Affordable and Clean Energy for All

by Apr 18, 2024Science & Technology0 comments

Taking India to a developed country status while realising the clean energy transition is a critical challenge


Climate change has become an existential threat to mankind and so eliminating carbon-di-oxide emission has become a collective responsibility of the countries of the world.

The Intergovernmental Panel on Climate Change(IPCC), an intergovernmental body of the United Nations, has recommended that global warming should be restricted to 1.50C above the temperature existing in the preindustrial era to keep things in reasonable control. Its assessments predict this limit to be breached between 2030 and 2052 following the prevailing trends. It also recommended that staying below 1.5°C in 2100 will require cuts in GHG emissions of 45 percent below 2010 levels by 2030 and reach net zero by 2050.

Indian Prime Minister Narendra Modi has led the world in setting a target reaching net-zero by 2070. The Government of India has sponsored many studies on suggesting ways to do that.

It was in this context that a report titled “Synchronizing energy transitions towards possible Net-Zero for India: Affordable and clean energy for All” prepared by IIM Ahmedabad as part of a study project which was sanctioned in November 2021 by the Office of the Principal Scientific Adviser to the Government of India with part-funding (one-third) from Nuclear Power Corporation of India Ltd (NPCIL) was launched early this month ( April 3) at Delhi.

The report was launched by Prof. Ajay Kumar Sood, Principal Scientific Adviser (PSA) to the Government of India in presence of dignitaries Dr. V. K. Saraswat, Member, NITI Aayog; Dr. A. K. Mohanty, Secretary, Department of Atomic Energy (DAE) and Chairman, Atomic Energy Commission (AEC); Shri P. A. Suresh Babu, Distinguished Scientist and Director (HR), NPCIL who joined on behalf of CMD, NPCIL; Dr. (Mrs.) Parvinder Maini, Scientific Secretary, Office of PSA. Dr. Anil Kakodkar, Chancellor, Homi Bhabha National Institute (HBNI) and former Chairman, AEC was the Guest of Honour and he had joined the meeting online.

A need was felt to undertake an analytical study on the energy transition required towards a net-zero energy basket for India. Accordingly, the study was sanctioned with the objective of conducting a comprehensive study with rigorous methods for minimizing the cost of power at consumer end and to work out an optimum mix for all sources of power, aiming for net-zero emission.

The project team at IIM Ahmedabad led by Prof. Amit Garg, Public Systems Group, has successfully completed the study, under the guidance of an expert group constituted by the Office of PSA, having experts from diverse sectors of power generation including coal, nuclear, solar, wind, biofuels, etc. The expert committee is chaired by Dr. R. B. Grover, Emeritus Professor, HBNI and Member, AEC, and the other members are Dr. K. Balaraman, former Director General, National Institute of Wind Energy; Dr. Bharat Bhargava, Former Director General, ONGC Energy Centre; Shri S. C. Chetal, Former Director, Indira Gandhi Centre for Atomic Research and Ex-Mission Director, AUSC (Advanced Ultra Super Critical) Mission; Dr. Rajeev Sukumaran, Senior Principal Scientist and Head, Biofuels and Biorefineries Section, National Institute for Interdisciplinary Science and Technology; Shri B. V. S. Sekhar, Associate Director (CP&CC), NPCIL and Ms. Remya Haridasan, Scientist ‘D’, Office of PSA. After rigorous review by the expert group, the report was independently reviewed by Tata Consulting Engineers Limited which was a further value-addition and the final document was launched at the meeting.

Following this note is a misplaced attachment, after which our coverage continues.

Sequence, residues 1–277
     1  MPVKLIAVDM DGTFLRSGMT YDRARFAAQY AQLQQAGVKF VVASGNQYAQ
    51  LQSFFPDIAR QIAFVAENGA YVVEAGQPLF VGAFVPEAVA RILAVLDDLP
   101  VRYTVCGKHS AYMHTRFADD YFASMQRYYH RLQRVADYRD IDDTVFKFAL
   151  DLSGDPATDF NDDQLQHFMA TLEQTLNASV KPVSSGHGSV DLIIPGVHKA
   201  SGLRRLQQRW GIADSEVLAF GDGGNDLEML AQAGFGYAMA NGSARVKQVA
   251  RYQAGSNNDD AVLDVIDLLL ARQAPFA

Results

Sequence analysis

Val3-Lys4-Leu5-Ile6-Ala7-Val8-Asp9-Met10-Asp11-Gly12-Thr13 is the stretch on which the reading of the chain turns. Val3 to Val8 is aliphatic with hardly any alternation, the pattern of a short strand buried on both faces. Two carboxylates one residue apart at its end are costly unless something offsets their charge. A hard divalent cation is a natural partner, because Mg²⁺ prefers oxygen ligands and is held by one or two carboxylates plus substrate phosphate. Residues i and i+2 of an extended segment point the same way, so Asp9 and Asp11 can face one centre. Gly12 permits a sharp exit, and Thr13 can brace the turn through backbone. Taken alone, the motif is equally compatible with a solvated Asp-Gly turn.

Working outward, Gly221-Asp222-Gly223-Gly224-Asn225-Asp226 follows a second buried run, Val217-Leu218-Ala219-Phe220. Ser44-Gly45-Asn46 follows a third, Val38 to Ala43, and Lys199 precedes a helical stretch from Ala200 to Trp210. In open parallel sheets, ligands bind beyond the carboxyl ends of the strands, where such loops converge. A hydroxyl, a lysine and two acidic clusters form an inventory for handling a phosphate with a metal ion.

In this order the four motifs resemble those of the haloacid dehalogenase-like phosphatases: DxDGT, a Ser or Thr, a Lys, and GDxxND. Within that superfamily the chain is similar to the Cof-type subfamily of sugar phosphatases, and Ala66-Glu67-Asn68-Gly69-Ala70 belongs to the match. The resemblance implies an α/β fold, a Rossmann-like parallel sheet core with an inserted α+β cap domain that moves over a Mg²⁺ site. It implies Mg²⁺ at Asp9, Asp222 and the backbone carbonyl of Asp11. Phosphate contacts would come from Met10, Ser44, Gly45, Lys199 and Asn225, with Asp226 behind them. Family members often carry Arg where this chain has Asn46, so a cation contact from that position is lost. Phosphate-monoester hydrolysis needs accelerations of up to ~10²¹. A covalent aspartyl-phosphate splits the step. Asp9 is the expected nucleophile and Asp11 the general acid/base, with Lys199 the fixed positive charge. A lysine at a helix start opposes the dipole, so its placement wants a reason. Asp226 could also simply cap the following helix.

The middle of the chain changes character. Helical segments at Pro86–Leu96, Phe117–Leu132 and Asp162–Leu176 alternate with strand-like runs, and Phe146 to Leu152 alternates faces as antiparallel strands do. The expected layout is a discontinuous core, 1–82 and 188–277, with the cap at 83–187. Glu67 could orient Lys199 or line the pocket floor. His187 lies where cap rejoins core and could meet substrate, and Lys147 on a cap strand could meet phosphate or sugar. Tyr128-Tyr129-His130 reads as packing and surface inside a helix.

The report attempts to answer key questions related to India’s energy trajectory such as how much energy does India need to achieve high value of Human Development Index (HDI); what are pathways to achieve this; what are the energy mix projections for this until 2070 (our declared net-zero target year); what would be the cost of electricity to the end user; what would be the carbon emissions until 2070; what would be the investments required for energy transitions towards net-zero at 2070; estimation of other challenges and opportunities (RE integration, requirement of critical minerals, Carbon Capture Utilisation and Storage (CCUS), natural gas, ethanol, hydrogen) in energy transitions towards achieving net-zero in 2070.

The main conclusions of the report are given below:

• There is no silver bullet to achieve net-zero. The transition needs multiple pathways to be adopted with co-existence of myriad technologies in our energy basket.

• Coal is projected to continue until the next two decades as the backbone of the Indian energy system.

• Net-zero is not possible without substantial nuclear power and Renewable Energy (RE) generation by 2070.

• To achieve net-zero energy systems by 2070, the electricity sector will need to decarbonize well before that.

• India’s emissions would range between 0.56 btCO2 and 1.0 btCO2 in 2070. It is expected that the remaining gap in emissions will be offset through sequestration in forestry and tree cover as envisaged in our Nationally Determined Contributions (NDCs).

• Additionally, the coal phase-down will require active policies on critical minerals and carbon dioxide removal technologies.

• Clean, affordable electricity at low levelized cost of electricity (for consumers) can be achieved in net-zero pathways, especially with a focus on nuclear power and renewable power.

• Widespread electrification of end-use sectors i.e upto 47-52% electricity share in Total Final Electricity Consumption (TFEC) compared to 18% at present.

• Financial requirements during 2020-2070 would be to the tune of Rs 150-200 lakh Crore (about US$ 2-2.5 trillion, or US$ 40-50 billion/year). Considerable financial flows must be international.

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